Earlier this month, Norsk Hydro published its first quarterly report since it fell victim to a devastating ransomware attack in March.
Profits fell by 82%, but that’s a much better result than many were expecting. The malware tore through the aluminium producer, with productivity grinding to a halt at all 171 of the organisation’s sites.
For a few hundred thousand pounds, Norsk Hydro could have bought a decryptor from the blackmailers and restored its systems. But the organisation refused to pay up.
You might be wondering why, given that the decision has so far cost Norsk Hydro an estimated 650 million Norwegian crowns (about £60 million). But that’s a small price to pay for the moral victory of playing hardball with criminal hackers.
How the incident occurred
On 19 March 2019, Norsk Hydro’s systems were infected with the LockerGoga ransomware.
TrendMicro’s analysis into the ransomware found that it was the same system administration tool abused by the likes of SOREBRECT and Bad Rabbit. This means there’s a chance that the network was compromised before the attackers planted the ransomware.
Employees were left to file paperwork manually and share documents via fax machines. The BBC reported that “There were people from sales who were drafted in to do production line work. There were people from finance making sandwiches for the team. Everything in the company was turned upside down.”
Meanwhile, senior executives had a tough decision to make. The ransomware was accompanied by a note: “Your files are encrypted with the strongest military algorithms. Without our special decoder it is impossible to restore the data.”
To access the decoder, the organisation was asked to pay a large ransomin bitcoin.
Cyber security experts and governments urge victims to never pay the ransom. This is partly for your own protection – after all, you can’t trust a fraudster to keep their word and hand over the decryption key once the payment has been made.
Likewise, paying one ransom makes you a soft target for future attacks; if you’ve paid once, there’s a good chance you’ll do so again.
There is also a moral imperative not to pay the ransom. Payments will probably fund attacks on other organisations and show that cyber crime is a lucrative business.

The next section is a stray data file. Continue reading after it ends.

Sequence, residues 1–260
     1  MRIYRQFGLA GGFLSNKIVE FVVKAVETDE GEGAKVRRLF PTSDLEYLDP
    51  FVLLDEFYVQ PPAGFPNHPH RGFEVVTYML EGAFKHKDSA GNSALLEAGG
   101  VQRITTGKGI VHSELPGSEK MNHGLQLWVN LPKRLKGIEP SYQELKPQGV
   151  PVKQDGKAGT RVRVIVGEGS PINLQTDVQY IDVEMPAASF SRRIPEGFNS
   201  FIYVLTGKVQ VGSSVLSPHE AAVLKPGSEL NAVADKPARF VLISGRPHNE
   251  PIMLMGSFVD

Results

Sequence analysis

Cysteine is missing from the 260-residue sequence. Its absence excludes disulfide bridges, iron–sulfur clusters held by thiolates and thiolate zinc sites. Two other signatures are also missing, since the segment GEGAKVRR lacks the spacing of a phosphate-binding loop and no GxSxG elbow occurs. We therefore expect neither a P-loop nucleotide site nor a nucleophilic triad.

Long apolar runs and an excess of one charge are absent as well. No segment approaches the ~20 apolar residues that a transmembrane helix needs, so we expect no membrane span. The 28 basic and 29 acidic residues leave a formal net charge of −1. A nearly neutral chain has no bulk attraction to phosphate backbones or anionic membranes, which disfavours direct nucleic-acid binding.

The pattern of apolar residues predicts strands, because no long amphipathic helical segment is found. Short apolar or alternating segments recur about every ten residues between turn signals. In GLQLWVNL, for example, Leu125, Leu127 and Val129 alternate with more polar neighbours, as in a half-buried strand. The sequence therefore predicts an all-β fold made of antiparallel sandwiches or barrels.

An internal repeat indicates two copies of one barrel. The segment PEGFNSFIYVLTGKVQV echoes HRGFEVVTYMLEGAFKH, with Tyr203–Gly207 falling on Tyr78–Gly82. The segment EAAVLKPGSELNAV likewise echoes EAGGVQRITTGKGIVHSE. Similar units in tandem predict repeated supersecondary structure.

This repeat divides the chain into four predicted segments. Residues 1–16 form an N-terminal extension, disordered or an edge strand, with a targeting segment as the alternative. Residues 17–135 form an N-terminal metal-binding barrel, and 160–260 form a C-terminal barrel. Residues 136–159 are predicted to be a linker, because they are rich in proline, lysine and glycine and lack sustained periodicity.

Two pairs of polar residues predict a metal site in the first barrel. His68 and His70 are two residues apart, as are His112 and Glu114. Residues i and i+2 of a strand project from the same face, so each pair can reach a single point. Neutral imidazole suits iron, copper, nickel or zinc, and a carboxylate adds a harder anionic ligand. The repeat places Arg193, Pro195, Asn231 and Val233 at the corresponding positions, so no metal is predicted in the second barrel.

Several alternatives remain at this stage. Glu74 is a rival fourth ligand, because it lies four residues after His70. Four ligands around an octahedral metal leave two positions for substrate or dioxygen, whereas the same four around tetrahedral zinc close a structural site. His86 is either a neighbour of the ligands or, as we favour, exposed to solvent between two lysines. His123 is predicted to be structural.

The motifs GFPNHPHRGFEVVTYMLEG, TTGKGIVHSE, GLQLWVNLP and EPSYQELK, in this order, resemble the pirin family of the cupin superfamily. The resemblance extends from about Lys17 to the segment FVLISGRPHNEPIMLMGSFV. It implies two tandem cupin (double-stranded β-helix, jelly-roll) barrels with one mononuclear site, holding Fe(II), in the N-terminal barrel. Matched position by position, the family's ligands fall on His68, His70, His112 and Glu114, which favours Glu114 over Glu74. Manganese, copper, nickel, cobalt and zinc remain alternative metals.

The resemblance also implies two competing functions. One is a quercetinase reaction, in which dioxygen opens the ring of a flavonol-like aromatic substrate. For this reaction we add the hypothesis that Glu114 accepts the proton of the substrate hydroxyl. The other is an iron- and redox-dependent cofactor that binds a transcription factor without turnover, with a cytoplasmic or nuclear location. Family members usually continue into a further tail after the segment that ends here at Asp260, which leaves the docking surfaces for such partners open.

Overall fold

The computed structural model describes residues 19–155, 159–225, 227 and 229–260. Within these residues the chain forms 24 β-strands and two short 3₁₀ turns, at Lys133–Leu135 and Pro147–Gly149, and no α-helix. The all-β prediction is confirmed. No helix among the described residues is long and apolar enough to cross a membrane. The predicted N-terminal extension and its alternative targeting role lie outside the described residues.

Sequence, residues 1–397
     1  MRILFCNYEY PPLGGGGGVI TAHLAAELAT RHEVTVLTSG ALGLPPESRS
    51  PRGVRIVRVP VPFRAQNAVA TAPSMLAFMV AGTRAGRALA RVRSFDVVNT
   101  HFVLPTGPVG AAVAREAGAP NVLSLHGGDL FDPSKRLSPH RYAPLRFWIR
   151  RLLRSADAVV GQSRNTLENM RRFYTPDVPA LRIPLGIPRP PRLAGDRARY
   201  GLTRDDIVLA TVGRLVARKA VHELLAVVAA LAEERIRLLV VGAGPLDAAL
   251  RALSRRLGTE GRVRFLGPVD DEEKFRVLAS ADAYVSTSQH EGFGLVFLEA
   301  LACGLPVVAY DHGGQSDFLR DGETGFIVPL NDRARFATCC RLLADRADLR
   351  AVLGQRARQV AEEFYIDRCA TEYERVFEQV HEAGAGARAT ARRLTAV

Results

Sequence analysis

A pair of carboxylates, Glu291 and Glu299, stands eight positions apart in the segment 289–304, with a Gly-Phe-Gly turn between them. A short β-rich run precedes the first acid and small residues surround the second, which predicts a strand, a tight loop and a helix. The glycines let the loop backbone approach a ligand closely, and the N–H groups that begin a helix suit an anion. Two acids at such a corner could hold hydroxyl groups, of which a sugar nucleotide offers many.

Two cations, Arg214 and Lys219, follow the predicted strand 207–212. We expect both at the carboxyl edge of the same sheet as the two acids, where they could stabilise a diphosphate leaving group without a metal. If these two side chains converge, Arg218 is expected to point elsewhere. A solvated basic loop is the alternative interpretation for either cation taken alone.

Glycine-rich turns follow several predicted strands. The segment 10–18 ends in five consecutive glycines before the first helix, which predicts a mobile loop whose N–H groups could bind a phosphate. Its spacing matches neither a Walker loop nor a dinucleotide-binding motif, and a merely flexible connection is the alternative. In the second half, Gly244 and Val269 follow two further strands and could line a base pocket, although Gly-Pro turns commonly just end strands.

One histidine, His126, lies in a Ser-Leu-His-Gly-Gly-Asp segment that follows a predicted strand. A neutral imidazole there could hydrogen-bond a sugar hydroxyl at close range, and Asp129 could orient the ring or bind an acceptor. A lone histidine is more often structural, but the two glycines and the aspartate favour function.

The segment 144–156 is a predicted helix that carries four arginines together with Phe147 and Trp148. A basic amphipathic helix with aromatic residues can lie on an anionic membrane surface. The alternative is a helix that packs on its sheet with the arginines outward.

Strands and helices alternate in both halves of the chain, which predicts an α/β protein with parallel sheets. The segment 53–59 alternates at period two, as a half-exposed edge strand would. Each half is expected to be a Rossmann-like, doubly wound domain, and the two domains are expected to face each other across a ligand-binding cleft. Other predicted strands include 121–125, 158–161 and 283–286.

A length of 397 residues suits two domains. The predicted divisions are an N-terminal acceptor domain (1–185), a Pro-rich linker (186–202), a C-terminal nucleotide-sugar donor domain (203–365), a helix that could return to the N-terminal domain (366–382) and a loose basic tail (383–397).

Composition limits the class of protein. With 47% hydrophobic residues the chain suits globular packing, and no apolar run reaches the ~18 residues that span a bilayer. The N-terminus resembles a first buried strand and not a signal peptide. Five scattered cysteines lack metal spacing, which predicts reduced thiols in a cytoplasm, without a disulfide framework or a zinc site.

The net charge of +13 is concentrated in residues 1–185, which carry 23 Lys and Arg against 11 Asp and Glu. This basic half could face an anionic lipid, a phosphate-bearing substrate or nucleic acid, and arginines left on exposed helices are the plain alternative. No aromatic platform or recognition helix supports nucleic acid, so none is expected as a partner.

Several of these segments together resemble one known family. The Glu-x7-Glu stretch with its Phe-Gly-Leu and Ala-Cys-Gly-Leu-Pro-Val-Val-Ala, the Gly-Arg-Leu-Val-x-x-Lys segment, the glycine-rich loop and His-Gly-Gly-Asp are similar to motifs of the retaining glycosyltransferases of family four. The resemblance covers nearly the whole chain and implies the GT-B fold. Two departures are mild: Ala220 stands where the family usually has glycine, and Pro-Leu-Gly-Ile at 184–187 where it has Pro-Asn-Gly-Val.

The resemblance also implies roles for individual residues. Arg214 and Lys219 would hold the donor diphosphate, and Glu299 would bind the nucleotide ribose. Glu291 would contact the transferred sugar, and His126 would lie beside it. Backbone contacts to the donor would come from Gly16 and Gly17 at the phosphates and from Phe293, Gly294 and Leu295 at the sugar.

Backups are the key to survival
It can be hard to take a moral stance against ransomware when doing so will cripple your organisation. Delays of even a few days can be enough to cause irreparable damage for some businesses, which is why they often feel compelled to pay the ransom.
You can certainly understand the desire for a short-term fix when, say, a local government’s systems are frozen and essential services are brought to a halt.
But organisations wouldn’t find themselves in that position if they had a backup plan. Literally. Norsk Hydro’s CEO, Eivind Kallevik, announced that the company would be able to recover quickly because it had recently backed up its systems.
Backups enable organisations to wipe the infected systems and restore a previous version. This can take anywhere from a few hours to a few days, but if you act quickly, the delays won’t be any longer than if you were waiting for your filed to be decrypted.
Mitigating the financial effects of ransomware
If you’re worried about the costs Norsk Hydro incurred by refusing to negotiate with the crooks, remember that it is a massive company. It had to shut down 40 networks and 22,000 computers before wiping the systems.
Most organisations will have a less extensive recovery process, so the delays will be shorter and the costs will be lower, as they are relative to the size of your organisation.
Another way to lessen the burden of recovering from a ransomware attack is to purchase cyber insurance. Depending on the policy, the organisation will receive a financial payout to help cover the costs associated with the response effort.
Norsk Hydro confirmed that it had a cyber insurance policy, and although it hasn’t said how much it will receive, it did state that payments could start appearing in the results of the third quarter.
The payout obviously won’t solve all of the company’s problems – and overworked employees might consider the payment a case of locking the stable door after the horse has bolted.
However, the promise of renumeration stabilises the organisation’s financial outlook. Amid falling profits, bosses are often forced to cut costs and lay off staff, but a repayment package means that such measures are less likely.
Preventing ransomware attacks
You can never be fully protected against ransomware, because there are so many ways criminals can infect your organisation. That’s true with all forms of cyber attack, which is why experts regularly remind organisations that security breaches are a matter of ‘when, not if’.
That said, there are a few ways to mitigate the risk. First, as we’ve already discussed, you should regularly back up important files. This puts you in a position to ignore ransom demands and get back to work after a short delay.
Second, you should boost staff awareness of ransomware. Many attacks are caused by phishing emails that contain infected attachments. If you teach your staff how to spot malicious emails, you can avoid all manner of threats, including ransomware.
Teach your staff about ransomware
Our Phishing and Ransomware – Human patch e-learning course teaches your staff everything they need to know about ransomware.
This ten-minute course introduces employees to the associated risks and describes the link between phishing and ransomware. Armed with this knowledge, your staff will be better equipped to detect suspicious emails and know how to respond.